Volume 28, Issue 1 (1-2014)                   Med J Islam Repub Iran 2014 | Back to browse issues page

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Ahmadi A, Hashemi Nazari S S, Mobasheri M. Does ethnicity affect survival following colorectal cancer? A prospective, cohort study using Iranian cancer registry. Med J Islam Repub Iran. 2014; 28 (1) :522-527
URL: http://mjiri.iums.ac.ir/article-1-2373-en.html
Department of Epidemiology and Biostatistics, Shahrekord University of Medical Sciences, Shahrekord, Iran. , mobasheri@skums.ac.ir
Abstract:   (2571 Views)

  Background:The present study compared the differences between survivals of patients with colorectal cancer according to their ethnicity adjusted for other predictors of survival.

  Methods: In this prospective cohort study patients were followed up from definite diagnosis of colorectal cancer to death. Totally, 2431 person-year follow-ups were undertaken for 1127 colorectal cancer patients once every six months. The data were analyzed by stata software using bivariate analysis, multivariate analysis, and Cox regression.

  Results: The age at diagnosis was significantly different between men and women (p<0.03). 61.2% were male and the rest were female. Most patients were Fars (51.2%), followed by Turciks (21.5%), Kurds (8.2%), and 7.5% Lurs. Of the patients, 75% had a survival of more than 2.72 years, 50% a survival of 5.83 years, and 25% longer than 13.1 years after diagnosis. Risk ratio was significantly different among ethnics (p<0.05). The variables of ethnicity, being non married, tumor grade, family history of cancer, and smoking were considered as determinants of the patients’ survival in Cox regression model. The median survival time in Fars, Kurds, Lurs, Turks and other ethnics was 5.83, 2.44, 5.49, and 8.52 years, respectively.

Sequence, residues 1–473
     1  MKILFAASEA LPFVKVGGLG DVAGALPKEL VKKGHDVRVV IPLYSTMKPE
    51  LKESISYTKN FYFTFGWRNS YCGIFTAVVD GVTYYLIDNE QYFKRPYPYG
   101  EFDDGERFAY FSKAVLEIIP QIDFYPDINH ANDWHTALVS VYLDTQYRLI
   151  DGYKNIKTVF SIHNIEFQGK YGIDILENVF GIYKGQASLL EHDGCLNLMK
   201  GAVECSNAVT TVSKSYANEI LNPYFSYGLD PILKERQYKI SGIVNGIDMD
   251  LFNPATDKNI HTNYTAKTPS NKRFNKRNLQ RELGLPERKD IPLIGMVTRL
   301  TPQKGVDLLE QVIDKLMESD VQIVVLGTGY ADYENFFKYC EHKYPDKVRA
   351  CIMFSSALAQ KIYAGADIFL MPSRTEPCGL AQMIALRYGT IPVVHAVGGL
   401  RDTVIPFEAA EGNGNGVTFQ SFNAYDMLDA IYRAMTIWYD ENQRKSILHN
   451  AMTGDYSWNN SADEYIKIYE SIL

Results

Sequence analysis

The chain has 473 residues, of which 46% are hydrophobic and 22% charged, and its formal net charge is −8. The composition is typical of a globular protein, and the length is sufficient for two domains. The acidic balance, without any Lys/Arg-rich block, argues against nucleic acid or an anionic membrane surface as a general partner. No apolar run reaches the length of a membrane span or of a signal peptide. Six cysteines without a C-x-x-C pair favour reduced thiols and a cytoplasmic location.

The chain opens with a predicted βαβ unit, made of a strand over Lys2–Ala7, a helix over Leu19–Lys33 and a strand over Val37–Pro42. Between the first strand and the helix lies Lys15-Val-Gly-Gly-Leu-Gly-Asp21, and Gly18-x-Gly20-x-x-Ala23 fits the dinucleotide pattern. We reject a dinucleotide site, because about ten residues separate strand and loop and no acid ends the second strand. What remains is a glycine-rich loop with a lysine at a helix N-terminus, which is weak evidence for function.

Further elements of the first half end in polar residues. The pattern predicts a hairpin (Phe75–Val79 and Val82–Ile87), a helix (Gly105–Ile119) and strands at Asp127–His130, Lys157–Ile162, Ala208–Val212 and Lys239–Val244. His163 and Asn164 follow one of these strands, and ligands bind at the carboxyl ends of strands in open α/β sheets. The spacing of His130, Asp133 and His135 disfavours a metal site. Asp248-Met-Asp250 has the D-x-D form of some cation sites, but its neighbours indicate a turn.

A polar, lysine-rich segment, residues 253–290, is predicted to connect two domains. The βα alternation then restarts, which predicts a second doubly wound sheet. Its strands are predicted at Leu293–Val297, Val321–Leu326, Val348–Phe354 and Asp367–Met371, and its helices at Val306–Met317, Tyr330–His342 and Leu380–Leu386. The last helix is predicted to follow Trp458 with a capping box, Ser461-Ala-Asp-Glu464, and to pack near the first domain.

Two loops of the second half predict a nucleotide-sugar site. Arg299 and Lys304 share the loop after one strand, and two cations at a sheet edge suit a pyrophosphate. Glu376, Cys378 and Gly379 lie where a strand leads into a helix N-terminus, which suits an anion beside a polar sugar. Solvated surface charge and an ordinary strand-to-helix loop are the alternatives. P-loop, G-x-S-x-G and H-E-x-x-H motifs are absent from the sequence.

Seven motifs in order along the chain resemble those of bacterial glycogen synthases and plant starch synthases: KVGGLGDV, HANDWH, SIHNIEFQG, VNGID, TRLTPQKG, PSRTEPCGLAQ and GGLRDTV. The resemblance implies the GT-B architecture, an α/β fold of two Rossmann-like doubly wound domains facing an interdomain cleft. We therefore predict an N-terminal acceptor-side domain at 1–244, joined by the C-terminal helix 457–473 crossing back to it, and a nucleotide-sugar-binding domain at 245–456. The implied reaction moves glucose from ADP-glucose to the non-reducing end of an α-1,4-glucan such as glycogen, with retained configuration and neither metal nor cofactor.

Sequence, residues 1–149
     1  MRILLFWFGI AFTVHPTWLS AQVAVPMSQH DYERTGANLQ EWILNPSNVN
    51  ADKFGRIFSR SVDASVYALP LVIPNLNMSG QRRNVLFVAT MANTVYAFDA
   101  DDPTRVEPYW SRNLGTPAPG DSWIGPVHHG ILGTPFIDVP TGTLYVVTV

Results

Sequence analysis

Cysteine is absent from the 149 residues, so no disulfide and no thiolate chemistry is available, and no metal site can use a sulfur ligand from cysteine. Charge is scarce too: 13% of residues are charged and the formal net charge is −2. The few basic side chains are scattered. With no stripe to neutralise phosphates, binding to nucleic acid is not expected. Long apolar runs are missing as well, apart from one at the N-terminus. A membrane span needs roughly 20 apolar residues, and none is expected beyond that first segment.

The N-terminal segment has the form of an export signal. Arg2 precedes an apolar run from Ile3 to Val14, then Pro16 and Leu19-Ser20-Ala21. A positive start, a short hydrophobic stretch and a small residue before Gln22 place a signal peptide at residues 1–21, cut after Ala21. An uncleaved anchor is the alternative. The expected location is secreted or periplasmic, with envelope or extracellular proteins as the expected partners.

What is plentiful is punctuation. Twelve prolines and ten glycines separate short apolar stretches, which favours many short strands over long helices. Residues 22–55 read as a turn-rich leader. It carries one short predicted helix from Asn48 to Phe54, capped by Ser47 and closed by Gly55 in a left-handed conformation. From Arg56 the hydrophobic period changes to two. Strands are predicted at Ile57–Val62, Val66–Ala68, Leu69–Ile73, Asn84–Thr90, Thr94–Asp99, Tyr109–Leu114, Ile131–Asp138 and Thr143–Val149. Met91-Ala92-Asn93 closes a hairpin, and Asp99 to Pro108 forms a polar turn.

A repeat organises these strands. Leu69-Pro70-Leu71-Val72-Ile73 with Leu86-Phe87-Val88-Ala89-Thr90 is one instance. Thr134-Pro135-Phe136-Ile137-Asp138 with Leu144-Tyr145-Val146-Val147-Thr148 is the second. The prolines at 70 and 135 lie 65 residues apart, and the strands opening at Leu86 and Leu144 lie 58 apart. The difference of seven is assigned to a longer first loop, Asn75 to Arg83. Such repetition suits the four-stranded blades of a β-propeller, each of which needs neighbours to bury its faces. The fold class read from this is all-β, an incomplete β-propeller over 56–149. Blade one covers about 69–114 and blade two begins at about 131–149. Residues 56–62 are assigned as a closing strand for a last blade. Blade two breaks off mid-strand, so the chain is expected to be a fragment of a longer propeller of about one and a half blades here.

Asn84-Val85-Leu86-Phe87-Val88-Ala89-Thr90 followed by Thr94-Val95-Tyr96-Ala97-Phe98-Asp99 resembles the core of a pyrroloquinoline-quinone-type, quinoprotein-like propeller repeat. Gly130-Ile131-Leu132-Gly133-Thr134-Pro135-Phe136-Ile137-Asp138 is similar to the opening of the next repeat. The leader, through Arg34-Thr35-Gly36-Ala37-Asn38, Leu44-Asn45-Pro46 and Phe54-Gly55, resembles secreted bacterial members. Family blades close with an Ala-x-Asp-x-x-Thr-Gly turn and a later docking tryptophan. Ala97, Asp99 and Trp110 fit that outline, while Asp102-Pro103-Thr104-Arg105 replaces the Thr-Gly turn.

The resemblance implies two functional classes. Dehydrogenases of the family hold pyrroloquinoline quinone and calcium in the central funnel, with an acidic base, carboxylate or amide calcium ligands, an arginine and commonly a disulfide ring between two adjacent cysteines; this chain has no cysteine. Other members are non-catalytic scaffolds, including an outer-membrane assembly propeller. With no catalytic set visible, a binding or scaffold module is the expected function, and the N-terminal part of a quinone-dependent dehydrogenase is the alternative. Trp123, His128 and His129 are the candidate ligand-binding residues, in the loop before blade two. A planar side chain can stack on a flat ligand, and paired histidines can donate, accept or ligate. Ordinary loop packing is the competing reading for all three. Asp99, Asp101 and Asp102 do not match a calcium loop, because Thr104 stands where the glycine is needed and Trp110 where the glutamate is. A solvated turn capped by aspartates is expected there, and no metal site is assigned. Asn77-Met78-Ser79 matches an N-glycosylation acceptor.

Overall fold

Conclusion: Ethnicity and access to healthcare are predictors of survival of patients with colorectal cancer which may define priorities in controlling cancer and implementing interventional and prevention plans.

 

 

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Type of Study: Original Research | Subject: Epidemiology

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